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Covariation of airborne biogenic tracers (CO2, COS, and CO) supports stronger than expected growing season photosynthetic uptake in the southeastern US
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  • Nicholas C Parazoo,
  • Kevin W. Bowman,
  • Bianca C. Baier,
  • Junjie Liu,
  • Meemong Lee,
  • Le Kuai,
  • Yoichi Shiga,
  • Ian T. Baker,
  • Mary Whelan,
  • Sha Feng,
  • Maarten C. Krol,
  • Colm Sweeney,
  • Kenneth J. Davis
Nicholas C Parazoo
Jet Propulsion Laboratory

Corresponding Author:[email protected]

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Kevin W. Bowman
Jet Propulsion Lab (NASA)
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Bianca C. Baier
University of Colorado Boulder
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Junjie Liu
Jet Propulsion Laboratory
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Meemong Lee
Jet Propulsion Laboratory
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Le Kuai
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Yoichi Shiga
Carnegie Institution for Science
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Ian T. Baker
Colorado State University
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Mary Whelan
Rutgers University
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Sha Feng
The Pennsylvania State University
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Maarten C. Krol
Utrecht University
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Colm Sweeney
NOAA Global Monitoring Laboratory
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Kenneth J. Davis
Pennsylvania State University
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The ACT-America Earth Venture mission conducted five airborne campaigns across four seasons from 2016-2019, to study the transport and fluxes of Greenhouse gases across the eastern United States (US). Unprecedented spatial sampling of atmospheric tracers (CO2, CO, and COS) related to biospheric processes offers opportunities to improve our qualitative and quantitative understanding of seasonal and spatial patterns of biospheric carbon uptake.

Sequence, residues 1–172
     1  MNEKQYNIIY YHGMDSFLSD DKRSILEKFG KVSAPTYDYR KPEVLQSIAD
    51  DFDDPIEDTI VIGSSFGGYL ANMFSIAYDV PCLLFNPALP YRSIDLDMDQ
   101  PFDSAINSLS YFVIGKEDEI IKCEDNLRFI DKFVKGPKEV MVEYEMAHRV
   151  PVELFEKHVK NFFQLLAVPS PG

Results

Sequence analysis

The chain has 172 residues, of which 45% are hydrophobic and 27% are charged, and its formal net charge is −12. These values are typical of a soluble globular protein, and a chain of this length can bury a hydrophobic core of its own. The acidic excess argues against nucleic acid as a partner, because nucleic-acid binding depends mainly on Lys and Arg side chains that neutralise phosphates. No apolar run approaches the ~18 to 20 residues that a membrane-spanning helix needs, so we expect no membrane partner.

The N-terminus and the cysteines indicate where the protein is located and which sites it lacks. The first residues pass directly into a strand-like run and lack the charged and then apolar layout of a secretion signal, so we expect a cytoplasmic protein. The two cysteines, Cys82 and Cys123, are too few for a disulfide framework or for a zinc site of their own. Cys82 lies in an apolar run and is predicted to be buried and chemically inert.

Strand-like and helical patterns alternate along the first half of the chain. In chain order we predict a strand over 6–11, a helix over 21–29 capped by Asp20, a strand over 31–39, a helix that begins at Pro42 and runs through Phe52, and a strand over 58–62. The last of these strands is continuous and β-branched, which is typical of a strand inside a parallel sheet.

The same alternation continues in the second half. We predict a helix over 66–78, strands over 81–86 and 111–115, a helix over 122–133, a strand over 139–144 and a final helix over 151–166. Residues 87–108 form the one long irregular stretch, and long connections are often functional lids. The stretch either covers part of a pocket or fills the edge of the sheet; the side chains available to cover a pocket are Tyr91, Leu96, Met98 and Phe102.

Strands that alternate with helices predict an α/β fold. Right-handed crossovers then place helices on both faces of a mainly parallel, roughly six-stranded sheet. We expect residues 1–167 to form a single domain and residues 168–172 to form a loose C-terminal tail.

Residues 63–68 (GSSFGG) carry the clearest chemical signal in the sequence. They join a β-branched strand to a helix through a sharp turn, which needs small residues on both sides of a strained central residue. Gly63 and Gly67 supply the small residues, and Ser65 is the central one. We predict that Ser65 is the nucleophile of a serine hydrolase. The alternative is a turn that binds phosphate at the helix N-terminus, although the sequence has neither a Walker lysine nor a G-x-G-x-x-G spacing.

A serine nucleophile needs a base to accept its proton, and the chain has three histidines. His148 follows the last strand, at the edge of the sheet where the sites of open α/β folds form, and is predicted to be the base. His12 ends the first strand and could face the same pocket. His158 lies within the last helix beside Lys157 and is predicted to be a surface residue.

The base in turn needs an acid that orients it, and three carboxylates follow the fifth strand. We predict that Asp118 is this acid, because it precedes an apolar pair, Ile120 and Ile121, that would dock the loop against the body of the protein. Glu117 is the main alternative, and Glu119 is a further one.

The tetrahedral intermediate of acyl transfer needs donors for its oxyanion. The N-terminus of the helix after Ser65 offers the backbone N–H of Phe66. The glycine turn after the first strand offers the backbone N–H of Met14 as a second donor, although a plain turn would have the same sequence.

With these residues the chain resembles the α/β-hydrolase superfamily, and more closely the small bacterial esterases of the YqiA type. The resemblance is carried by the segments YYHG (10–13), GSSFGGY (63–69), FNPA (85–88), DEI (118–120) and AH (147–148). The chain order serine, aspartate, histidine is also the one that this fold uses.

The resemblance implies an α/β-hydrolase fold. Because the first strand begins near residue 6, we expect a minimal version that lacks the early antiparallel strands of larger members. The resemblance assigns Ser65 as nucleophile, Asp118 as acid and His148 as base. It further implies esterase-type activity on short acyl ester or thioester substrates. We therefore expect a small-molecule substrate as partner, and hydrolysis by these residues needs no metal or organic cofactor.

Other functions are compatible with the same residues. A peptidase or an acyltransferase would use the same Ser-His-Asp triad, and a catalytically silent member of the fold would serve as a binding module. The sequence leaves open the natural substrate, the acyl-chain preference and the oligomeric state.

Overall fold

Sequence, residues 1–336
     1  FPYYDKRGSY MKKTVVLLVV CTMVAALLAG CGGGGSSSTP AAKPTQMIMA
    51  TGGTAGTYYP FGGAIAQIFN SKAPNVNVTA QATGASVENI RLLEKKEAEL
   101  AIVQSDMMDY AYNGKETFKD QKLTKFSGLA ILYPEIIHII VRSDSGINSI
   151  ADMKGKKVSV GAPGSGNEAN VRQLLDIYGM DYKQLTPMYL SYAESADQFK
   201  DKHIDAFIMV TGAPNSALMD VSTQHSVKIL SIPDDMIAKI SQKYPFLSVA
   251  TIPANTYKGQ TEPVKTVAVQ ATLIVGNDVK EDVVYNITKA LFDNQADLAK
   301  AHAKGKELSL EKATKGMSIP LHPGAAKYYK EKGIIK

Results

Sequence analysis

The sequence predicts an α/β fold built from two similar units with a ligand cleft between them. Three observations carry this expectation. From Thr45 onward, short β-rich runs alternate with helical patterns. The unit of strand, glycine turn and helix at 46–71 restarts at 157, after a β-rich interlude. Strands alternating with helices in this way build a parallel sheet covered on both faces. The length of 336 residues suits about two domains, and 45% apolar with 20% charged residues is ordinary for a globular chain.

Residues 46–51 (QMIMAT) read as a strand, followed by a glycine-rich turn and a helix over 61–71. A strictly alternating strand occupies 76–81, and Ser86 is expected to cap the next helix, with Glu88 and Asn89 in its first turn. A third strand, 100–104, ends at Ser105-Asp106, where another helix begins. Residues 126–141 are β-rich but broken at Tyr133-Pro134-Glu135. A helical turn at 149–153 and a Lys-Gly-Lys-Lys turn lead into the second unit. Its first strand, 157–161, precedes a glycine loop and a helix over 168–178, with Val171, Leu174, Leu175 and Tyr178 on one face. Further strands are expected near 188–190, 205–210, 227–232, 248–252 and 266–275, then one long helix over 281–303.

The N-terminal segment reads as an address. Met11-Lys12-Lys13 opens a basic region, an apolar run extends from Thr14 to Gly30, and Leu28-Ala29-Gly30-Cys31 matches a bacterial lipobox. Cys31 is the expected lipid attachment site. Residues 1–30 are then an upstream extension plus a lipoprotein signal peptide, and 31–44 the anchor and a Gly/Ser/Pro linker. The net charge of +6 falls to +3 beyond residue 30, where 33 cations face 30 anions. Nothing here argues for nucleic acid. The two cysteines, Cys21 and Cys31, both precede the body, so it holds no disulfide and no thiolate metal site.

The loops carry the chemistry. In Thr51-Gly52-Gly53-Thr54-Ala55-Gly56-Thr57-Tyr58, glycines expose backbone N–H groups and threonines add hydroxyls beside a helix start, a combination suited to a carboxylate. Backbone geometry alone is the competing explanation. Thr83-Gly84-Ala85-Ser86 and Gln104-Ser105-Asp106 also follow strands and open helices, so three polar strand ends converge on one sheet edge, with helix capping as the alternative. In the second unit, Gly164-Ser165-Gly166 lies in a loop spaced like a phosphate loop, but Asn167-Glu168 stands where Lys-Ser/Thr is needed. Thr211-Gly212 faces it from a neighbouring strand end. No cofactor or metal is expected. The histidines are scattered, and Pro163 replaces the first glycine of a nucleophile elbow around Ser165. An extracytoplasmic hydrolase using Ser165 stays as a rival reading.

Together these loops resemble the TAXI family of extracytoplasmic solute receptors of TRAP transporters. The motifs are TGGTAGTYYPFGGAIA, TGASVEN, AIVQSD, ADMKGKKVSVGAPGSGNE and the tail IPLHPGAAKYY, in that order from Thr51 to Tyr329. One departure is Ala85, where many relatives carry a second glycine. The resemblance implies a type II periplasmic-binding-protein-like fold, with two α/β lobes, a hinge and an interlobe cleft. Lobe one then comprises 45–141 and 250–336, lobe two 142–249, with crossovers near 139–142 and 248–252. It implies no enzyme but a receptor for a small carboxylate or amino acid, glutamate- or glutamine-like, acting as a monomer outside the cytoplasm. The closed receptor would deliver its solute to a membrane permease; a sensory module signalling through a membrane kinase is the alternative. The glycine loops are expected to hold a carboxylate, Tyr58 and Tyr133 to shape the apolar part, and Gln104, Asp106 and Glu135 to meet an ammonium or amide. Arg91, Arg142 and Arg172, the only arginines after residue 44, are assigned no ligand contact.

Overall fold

Here, we examine co-variation of boundary layer enhancements of CO2, CO, and COS across three diverse regions: the crop-dominated Midwest, evergreen-dominated South, and deciduous broadleaf-dominated Northeast. To understand the biogeochemical processes controlling these tracers, we compare the observed co-variation to simulated co-variation resulting from model- and satellite- constrained surface carbon fluxes. We found indication of a common terrestrial biogenic sink of CO2 and COS and secondary production of CO from biogenic sources in summer throughout the eastern US. Stomatal conductance likely drives fluxes through diffusion of CO2 and COS into leaves and emission of biogenic volatile organic compounds into the atmosphere.
ACT-America airborne campaigns filled a critical sampling gap in the southern US, providing information about seasonal carbon uptake in southern temperate forests, and demanding a deeper investigation of underlying biological processes and climate sensitivities. Satellite- constrained carbon fluxes capture much of the observed seasonal and spatial variability, but underestimate the magnitude of net CO2 and COS depletion in the Southeast, indicating a stronger than expected net sink in late summer.
Oct 2021Published in Global Biogeochemical Cycles volume 35 issue 10. 10.1029/2021GB006956